ISSN (Print) - 0012-9976 | ISSN (Online) - 2349-8846

A+| A| A-

Redressal or Reconciliation?

Situating Caste Politics amidst the Ongoing Farmer Agitation

The history of local alliances forged between caste groups and the state is interrogated, through the colonial period leading to current day west Uttar Pradesh. The recent farm acts threaten to supplant such alliances, with the state aligning with the interests of big capital. It has necessitated the Jat khaps in west UP to offer resistance by adopting a language of communitarian solidarity that can be traced to the 1980s. However, the shadow of the riots of 2013 has meant that talk of solidarity has veered towards “reconciliation” and “redressal” towards the minorities. As a result, the agitation has revealed new political possibilities while exposing earlier fissures within west UP’s political economy.


The political economy of Shamli and Muzaffarnagar in west Uttar Pradesh (UP) is influenced by caste groups such as the Jats, Gujars and Lalas (a term used locally to denote the Mahajan caste). Along with the Hindu Other Backward Class (OBC) castes, they formed the closest allies of the Bharatiya Janata Party (BJP) in the region ever since the 2014 Lok Sabha elections.1 This was an outcome of the Shamli–Muzaffarnagar communal violence in 2013 which consolidated the Hindu vote in favour of the BJP. The casualties of the violence were the thousands of internally displaced persons who were shoved into makeshift relief camps (Mander et al 2020). Pasmanda Muslims constitute the predominant component in the social composition of the riot victims in 2013 as well as in the north-east Delhi riots of 2020. These are marginalised caste Muslims who have historically confronted caste stratifications in the community (Niazi 2020).2 It is a history that has received scant attention even though the riot-displaced often constitute Pasmanda wage earners.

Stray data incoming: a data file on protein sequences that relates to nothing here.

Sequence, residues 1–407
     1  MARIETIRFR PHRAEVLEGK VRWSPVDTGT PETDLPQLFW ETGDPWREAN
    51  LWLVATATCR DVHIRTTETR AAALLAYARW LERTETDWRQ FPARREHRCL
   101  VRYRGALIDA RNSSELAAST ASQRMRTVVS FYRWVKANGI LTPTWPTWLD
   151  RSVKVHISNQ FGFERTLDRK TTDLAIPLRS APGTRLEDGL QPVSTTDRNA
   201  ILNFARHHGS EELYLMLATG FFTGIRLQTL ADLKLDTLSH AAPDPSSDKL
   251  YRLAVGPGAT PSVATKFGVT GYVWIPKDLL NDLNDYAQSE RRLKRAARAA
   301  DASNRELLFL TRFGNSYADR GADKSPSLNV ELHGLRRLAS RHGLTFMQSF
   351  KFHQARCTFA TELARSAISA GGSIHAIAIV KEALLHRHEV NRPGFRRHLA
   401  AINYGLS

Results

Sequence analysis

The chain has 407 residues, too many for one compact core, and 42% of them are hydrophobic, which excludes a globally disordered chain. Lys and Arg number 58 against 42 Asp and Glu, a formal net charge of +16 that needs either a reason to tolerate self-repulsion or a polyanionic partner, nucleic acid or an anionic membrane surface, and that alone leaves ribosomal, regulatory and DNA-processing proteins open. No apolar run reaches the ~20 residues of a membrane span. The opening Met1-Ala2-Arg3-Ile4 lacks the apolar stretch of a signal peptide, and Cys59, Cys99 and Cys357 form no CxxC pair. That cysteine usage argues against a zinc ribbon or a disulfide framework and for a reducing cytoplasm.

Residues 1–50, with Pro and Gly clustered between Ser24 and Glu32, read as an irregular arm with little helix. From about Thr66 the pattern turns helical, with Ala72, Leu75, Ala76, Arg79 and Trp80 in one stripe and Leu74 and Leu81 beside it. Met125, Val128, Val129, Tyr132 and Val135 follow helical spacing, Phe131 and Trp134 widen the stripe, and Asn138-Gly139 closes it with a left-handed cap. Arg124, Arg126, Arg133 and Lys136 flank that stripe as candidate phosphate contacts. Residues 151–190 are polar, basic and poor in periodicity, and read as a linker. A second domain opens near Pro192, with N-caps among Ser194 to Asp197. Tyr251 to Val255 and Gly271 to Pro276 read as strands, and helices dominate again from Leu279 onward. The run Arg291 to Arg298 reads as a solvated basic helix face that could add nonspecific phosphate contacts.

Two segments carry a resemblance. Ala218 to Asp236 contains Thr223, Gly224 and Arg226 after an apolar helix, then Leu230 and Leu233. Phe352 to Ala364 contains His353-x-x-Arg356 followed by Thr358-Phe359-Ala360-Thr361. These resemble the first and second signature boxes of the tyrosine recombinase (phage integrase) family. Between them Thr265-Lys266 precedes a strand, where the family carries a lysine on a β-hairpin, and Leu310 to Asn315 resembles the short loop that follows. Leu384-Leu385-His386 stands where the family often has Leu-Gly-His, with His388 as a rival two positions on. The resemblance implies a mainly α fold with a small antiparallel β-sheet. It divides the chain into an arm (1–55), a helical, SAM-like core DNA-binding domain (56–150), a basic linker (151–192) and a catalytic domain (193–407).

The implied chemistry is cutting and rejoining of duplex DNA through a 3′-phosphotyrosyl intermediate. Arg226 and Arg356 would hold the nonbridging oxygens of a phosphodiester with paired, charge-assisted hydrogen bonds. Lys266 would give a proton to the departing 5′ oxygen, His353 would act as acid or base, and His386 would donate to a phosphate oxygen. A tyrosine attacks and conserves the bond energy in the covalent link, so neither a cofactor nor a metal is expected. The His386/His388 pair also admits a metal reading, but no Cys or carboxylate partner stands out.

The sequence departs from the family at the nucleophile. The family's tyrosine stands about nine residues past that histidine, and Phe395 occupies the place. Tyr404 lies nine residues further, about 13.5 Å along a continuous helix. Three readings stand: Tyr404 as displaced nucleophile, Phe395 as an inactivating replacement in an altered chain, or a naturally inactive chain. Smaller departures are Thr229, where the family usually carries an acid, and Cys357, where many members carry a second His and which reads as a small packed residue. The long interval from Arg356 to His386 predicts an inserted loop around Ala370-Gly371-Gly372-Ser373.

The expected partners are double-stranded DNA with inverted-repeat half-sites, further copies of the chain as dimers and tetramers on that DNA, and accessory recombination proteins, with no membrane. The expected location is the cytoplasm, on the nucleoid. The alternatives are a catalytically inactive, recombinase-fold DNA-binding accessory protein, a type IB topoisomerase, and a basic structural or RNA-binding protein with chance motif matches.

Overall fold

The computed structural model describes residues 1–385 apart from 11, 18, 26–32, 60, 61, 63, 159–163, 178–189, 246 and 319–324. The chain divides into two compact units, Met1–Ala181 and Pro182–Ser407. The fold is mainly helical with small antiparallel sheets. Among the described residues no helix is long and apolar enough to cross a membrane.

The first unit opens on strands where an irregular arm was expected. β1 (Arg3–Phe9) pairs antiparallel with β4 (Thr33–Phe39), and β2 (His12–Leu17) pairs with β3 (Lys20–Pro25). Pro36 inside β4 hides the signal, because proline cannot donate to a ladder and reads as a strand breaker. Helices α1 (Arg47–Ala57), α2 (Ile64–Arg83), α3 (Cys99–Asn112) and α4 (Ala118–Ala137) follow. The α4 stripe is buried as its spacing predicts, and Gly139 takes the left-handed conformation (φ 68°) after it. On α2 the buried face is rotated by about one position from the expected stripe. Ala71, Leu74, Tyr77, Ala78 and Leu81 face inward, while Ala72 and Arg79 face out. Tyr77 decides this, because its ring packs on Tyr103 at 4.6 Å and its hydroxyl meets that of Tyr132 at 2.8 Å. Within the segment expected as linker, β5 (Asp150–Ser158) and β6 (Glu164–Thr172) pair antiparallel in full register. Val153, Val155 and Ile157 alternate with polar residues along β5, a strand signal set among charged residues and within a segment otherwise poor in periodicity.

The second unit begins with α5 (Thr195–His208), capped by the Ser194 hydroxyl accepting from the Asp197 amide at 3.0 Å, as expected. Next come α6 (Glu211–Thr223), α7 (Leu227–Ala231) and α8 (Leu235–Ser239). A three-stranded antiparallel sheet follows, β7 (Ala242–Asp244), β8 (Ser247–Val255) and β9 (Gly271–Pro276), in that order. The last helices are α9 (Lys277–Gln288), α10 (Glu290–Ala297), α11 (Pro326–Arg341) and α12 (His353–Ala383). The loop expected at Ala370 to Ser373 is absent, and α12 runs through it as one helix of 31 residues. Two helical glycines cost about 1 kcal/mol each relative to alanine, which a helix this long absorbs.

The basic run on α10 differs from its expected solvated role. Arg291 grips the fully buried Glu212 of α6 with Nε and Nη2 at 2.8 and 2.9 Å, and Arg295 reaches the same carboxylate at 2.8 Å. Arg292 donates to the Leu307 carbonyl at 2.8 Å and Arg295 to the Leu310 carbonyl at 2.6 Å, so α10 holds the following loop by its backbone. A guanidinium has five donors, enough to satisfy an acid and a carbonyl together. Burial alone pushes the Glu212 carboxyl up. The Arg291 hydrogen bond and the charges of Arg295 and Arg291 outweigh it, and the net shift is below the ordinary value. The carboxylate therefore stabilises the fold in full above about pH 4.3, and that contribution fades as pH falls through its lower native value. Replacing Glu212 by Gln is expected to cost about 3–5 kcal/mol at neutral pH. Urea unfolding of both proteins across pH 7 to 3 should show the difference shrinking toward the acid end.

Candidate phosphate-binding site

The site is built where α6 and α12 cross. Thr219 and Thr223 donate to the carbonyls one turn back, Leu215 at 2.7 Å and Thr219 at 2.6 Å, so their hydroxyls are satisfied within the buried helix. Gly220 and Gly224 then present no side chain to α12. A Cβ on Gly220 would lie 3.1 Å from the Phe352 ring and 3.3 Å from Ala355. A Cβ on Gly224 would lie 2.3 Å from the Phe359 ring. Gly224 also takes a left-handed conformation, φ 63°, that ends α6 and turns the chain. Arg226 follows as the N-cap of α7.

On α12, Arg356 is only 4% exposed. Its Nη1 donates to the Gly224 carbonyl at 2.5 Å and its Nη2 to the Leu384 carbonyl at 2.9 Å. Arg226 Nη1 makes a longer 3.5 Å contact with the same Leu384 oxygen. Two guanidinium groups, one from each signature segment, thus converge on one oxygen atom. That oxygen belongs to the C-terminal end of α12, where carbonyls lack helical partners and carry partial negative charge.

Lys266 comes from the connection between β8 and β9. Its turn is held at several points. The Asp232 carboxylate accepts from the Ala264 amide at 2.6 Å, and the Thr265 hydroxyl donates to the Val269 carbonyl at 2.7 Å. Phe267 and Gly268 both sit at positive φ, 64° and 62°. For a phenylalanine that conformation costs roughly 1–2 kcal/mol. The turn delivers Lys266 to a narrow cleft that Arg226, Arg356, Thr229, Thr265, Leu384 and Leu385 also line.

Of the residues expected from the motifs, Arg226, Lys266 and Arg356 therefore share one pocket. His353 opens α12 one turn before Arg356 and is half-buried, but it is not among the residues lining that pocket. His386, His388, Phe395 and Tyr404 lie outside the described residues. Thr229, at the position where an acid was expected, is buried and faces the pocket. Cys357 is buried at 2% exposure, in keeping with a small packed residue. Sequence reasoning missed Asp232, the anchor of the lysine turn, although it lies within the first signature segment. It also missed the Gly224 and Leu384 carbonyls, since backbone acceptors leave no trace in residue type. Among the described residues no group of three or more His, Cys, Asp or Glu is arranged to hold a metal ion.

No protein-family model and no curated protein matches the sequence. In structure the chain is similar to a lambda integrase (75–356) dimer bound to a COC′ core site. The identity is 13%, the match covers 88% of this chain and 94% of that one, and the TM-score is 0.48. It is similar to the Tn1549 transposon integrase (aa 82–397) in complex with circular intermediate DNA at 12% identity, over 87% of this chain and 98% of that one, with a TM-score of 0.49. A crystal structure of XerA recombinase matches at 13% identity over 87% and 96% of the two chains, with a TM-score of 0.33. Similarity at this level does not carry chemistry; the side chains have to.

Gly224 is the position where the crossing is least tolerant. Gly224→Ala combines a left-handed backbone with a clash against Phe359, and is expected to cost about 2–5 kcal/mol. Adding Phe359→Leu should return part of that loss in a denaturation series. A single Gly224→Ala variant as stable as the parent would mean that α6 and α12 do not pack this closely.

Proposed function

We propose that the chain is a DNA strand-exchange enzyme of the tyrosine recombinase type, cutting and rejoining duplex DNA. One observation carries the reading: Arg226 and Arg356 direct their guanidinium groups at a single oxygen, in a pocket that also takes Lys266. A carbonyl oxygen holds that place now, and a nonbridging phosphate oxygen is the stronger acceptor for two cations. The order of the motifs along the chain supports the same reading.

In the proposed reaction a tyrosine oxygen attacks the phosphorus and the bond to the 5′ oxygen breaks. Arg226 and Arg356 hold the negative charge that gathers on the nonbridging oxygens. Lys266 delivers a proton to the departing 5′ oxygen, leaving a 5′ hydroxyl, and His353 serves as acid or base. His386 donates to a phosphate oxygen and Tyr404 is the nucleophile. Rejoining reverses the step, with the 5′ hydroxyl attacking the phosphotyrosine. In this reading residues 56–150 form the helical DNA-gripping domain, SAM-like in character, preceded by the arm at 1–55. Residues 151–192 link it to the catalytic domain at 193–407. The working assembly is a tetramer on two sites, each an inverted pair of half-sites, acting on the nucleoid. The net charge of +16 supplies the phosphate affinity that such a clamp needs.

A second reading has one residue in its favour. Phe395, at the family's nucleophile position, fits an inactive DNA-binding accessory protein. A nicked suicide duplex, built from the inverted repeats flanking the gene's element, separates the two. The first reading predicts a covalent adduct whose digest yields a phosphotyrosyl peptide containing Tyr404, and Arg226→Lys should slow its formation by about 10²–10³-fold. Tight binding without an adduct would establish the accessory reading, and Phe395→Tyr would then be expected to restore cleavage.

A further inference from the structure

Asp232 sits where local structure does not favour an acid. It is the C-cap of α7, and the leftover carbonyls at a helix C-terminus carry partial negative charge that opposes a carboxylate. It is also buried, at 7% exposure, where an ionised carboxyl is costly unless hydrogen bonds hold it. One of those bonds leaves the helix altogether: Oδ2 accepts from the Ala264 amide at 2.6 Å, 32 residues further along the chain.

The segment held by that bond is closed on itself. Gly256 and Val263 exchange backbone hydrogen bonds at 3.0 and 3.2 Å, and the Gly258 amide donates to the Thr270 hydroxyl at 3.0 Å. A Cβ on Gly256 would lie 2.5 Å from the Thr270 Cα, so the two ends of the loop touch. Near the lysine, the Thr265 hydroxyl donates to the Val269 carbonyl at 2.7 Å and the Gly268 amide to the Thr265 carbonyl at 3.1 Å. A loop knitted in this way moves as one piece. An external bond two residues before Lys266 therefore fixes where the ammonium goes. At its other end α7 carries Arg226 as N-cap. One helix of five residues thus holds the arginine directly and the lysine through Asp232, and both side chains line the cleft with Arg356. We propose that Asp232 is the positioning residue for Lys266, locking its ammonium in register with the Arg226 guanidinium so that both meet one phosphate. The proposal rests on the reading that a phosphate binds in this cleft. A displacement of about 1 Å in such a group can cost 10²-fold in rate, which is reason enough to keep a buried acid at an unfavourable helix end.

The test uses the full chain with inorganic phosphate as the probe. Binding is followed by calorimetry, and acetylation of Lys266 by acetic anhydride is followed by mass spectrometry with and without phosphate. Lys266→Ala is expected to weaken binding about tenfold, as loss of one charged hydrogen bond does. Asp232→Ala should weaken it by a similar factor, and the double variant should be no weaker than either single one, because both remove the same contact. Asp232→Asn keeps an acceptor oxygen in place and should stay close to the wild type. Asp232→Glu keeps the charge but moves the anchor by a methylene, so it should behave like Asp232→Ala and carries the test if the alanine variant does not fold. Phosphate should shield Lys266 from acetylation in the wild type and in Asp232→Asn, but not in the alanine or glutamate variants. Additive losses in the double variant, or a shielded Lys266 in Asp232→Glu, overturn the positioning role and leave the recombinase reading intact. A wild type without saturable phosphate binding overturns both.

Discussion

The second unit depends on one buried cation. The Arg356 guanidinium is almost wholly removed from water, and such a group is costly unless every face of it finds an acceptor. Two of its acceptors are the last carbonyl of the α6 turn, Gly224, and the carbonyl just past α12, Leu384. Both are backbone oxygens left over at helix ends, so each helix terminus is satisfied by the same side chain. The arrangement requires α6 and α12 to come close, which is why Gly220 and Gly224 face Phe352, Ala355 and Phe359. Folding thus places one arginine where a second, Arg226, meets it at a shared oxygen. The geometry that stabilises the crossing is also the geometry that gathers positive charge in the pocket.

In 2013, the displaced camps in Shamli–Muzaffarnagar soon turned into permanent dwellings, scattered across Shamli district with the most populous ones located in Kairana. Known locally as “colonies,” settlements such as Jannat colony continue to remain without any basic sanitation or livelihood for the people living there. Hadisa is one of the many displaced who subsist on brick making and agrarian labour. During lockdown 1.0, her employer at one of the brick kilns in Kairana held up the dues owed to her and her co-workers, many of whom were Dalit. They organised and agitated in front of the tahsildar office who intervened to ensure payments were made. These minor victories are shadowed by the endless wait for rehabilitation and reconciliation. Victims find their names missing from entitlements to compensation and have witnessed the gradual weakening of criminal proceedings against the accused (G P Raju 2019).

Dear Reader,

To continue reading, become a subscriber.

Explore our attractive subscription offers.

Click here


To gain instant access to this article (download).

Pay INR 50.00

(Readers in India)

Pay $ 6.00

(Readers outside India)

Updated On : 2nd Aug, 2021
Back to Top